Foot Notes Blog


November 2012

Low level laser therapy (LLLT) for the foot

Nov 8, 2012 9:45 PM
Peter Guy

Today in Whitby, ON, James Carroll the CEO and founder of Thor Photomedicine spoke about low level laser therapy (LLLT) to a number of my podiatric collegues. He discussed how light emitting diodes (LED's) and near infra red laser light promotes tissue healing, improves lymphatic drainage, provides analgesia and relaxes muscles via trigger points.
To understand how LLLT works you will have to learn about mitochondria. Mitochondria are the energy factories of our human cells. The mitochondria produce an energy-rich molecule called adenosine triphosphate (ATP). ATP is produce by a complex chemical pathway which includes a protein called cytochrome C oxidase. Cytochrome C oxidase will bind oxygen to help complete the formation of ATP.
In the event of any type of tissue injury to the cells of skin, ligaments, muscle, tendon, nerve and bone, the mitochondria in the cells will start to produce nitric oxide. The nitric oxide will bind to cytochrome C oxidase preventing oxygen from binding. When oxygen doesn't bind to ctyochrome C oxidase the production ATP is reduced. If there is a decrease in ATP there is no energy for cells to function efficiently. This lack of ATP can delay tissue healing.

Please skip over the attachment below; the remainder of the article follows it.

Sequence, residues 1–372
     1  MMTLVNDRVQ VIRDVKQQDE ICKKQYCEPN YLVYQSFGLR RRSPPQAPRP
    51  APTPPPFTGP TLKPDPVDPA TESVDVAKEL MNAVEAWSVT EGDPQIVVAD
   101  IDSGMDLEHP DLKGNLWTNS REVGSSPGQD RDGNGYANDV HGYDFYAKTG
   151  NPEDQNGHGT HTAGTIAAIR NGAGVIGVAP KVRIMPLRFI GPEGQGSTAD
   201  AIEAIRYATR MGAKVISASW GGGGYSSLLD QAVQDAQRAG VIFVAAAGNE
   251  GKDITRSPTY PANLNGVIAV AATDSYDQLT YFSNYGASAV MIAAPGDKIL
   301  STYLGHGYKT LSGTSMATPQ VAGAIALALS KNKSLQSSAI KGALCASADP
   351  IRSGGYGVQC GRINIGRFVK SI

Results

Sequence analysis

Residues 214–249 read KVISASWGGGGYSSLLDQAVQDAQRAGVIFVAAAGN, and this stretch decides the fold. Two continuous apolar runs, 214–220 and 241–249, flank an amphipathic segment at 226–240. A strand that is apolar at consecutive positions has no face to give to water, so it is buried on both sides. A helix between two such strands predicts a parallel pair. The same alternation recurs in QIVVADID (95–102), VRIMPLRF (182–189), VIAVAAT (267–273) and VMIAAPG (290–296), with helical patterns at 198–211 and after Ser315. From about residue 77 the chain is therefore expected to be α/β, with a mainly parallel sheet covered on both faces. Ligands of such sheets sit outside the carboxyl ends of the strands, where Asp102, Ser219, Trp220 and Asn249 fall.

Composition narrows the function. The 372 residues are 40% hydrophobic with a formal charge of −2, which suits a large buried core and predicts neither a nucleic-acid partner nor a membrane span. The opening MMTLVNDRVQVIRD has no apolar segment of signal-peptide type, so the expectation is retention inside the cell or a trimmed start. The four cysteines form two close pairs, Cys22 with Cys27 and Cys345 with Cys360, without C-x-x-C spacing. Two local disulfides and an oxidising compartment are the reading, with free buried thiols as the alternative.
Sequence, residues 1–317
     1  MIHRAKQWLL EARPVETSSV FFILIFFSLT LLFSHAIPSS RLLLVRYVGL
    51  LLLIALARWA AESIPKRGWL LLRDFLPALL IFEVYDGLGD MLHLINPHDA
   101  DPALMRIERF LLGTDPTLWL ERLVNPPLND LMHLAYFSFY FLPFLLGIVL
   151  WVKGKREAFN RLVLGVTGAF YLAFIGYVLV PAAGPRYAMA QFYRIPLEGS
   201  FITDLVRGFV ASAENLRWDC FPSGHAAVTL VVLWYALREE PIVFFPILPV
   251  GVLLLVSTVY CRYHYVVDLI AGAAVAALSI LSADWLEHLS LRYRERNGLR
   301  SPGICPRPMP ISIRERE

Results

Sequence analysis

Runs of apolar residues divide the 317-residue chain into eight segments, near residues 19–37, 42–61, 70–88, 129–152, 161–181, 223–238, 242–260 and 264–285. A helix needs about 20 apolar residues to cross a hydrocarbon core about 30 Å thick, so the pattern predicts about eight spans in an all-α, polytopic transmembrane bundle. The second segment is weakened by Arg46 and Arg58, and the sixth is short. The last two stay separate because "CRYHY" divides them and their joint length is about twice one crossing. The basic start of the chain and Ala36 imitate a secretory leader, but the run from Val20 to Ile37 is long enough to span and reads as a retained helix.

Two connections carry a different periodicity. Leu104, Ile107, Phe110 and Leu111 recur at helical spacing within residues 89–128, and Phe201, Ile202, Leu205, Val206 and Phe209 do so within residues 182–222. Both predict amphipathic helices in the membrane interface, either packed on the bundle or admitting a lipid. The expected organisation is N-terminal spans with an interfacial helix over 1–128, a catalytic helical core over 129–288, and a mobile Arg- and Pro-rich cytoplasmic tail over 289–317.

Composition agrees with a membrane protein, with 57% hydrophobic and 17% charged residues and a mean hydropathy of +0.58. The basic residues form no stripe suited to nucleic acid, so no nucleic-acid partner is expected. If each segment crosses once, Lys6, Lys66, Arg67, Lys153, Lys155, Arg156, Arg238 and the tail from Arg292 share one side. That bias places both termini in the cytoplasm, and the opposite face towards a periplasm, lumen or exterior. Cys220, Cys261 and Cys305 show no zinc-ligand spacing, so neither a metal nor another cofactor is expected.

When the proper spectrum of light wave energy is applied to an injured area, the cytochrome C oxidase will absorb the light energy and force the nitric oxide off of the cytochrome C oxidase. This will allow oxygen to bind to cytochrome C oxidase and an increase the production of ATP. The increase in ATP in any injured cell will allow for local tissue healing, promotion increased immune function via lymphatic drainage, provide analgesia via nerve inhibition and relax muscle via stimulation of trigger points.
If you have acute pain and swelling in the foot it can significantly reduced after one or two treatments with LLLT. Chronic pain and swelling in the foot will also respond favourably with several treatments. LLLT can reduce the amount of time it takes to heal chronic skin wounds, diabetic foot ulcers and venous ulcers.
We have been using a Thor Laser at Whitby Family Footcare Clinic for several months with some favourable patient outcomes on achilles tendinitis, plantar fasciitis and wound healing.
I want to thank James Carroll for presenting an very informative seminar on LLLT



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